The nicest teacher I ever had was Merle Schulenberg - high school chemistry. Spent two semesters calling me, publicly and often, "retard." Did I hate it - absolutely. Then I started college chemistry and absolutely beat the crap out of everyone else in the department. What was Merle doing? Well, he knew I had a talent for chemistry so he ratcheted the bar higher for me than the rest of the class. Anything less than perfection and the accusations of "stupid" came flying my way. Motivation - that's all it was. (There are lessons about my acquaintance Bob Knight in here somewhere too.)

Just remember this, God's character is good, but it is far from nice. He has obliterated civilizations, destroyed cities, and even murdered His own son.

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Sunday, May 17, 2009


Sermons and Lessons


How to Have a Good Time

It is to be noted that almost everyone associates happiness or pleasure with time. Hence we speak of depressions, plagues, hot and cold wars as “bad times,” while pleasant companionship, good dinners and evenings out are identified with having a “good time.” Seneca has said “Time hath often cured the wound which reason failed to heal”; on the other hand, Doctor Johnson observes: “You cannot give an instance of any man who is permitted to lay out his own time, contriving not to have tedious hours.”

A “good” time is one of those catchwords which actually belies the true nature of happiness. The truth of the matter is that the greatest pleasures and joys come when we are unconscious of time.

The more conscious we are of the passing time, the less we enjoy ourselves. The clock watcher never enjoys his work. “Serving time,” a description of imprisonment, is synonymous with unhappiness and confinement. One prisoner who was sentenced to five years said to the judge: “I’ll not live that long.” The judge said: “At least, you can try.” Boredom is in part due to the inability to fill up time. People who overstay their time in visiting make one appreciate the reflection of Benjamin Franklin: “Fish and visitors smell after three days.” Once a visitor who had been standing on the doorstep for an hour, relating new items of gossip, finally said to her hostess: “I know there is something I forgot to say.” The hostess retoned: “Maybe it was ‘good-by?” The very phrase “killing time” signifies that existence in time can be depressing. A number of very obvious pleasures, and sometimes highly intellectual pursuits, are nothing else than “pass-times” by which man seeks to forget his temporality. The less conscious we are of the passing of time, the more we enjoy ourselves. In moments of sheer delight, we say: “The time simply flew”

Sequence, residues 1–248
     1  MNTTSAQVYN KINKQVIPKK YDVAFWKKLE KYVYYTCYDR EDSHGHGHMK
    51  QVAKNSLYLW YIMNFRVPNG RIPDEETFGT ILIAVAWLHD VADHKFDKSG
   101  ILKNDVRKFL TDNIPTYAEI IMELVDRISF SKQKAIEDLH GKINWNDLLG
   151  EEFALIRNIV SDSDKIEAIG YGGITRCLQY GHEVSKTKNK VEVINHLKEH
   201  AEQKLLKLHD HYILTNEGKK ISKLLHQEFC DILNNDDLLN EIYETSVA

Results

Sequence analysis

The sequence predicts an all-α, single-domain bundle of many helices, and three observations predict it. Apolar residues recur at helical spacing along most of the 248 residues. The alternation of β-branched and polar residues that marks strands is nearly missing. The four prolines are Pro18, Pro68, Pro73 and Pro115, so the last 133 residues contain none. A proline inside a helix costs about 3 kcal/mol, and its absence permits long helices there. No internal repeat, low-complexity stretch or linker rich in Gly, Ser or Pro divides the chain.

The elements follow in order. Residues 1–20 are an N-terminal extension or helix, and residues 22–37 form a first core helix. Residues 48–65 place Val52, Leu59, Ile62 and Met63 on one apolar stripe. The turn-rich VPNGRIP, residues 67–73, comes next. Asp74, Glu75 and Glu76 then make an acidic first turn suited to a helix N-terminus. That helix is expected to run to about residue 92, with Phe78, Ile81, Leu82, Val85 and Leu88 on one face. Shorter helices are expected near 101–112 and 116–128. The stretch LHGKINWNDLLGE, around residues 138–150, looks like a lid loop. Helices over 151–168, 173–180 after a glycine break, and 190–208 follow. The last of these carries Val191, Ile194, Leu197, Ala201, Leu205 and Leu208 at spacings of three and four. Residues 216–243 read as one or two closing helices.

Romantic love gets beyond time by eternalizing the present second; it makes time stand still, and tries to get beyond its succession by obliterating the past or future. The present moment of ecstasy, the dance, the music, the moonlight and a drive through the park, the joys surrounding graduation, all are rendered static; what is now will always be, without change or alteration. Movies, novels, short stories, and particularly narratives with passion as the theme, take a segment of life or time and, by an intense description of that moment, make it stand for life itself

A young woman once brought a young man to see her father. Her father objected, saying: “He earns only $25 a week.” “I know; Daddy,” she answered “but when you’re in love, time passes so quickly”

Another evidence of the connection between timelessness and happiness is found in the fact that the “old men dream dreams, the young men see visions.” Both old and young seek to escape the moment in which they live; the young look forward in hope to better days, the old look back in retrospect and memory to the “good old days.” The old man becomes, in the language of Horace, “laudator temporis acti.” Youth wishes to hurry time; old age tries to slow it down.

Time makes it impossible to combine our pleasures. It prevents us from making a dub sandwich out of the various enjoyments of life. The mere fact that I exist in time makes it impossible for me to march in the army of Alexander and in the army of Caesar at the same time; it forbids the simultaneous thrill of Alpine ascents and Riviera pastimes; I cannot sit down to tea with both Homer and Vergil, or enjoy simultaneously listening to Aquinas on philosophy and Da Vinci on painting. We often see signs by the roadway which say: “Dine and dance,” but no one can do both at the same time.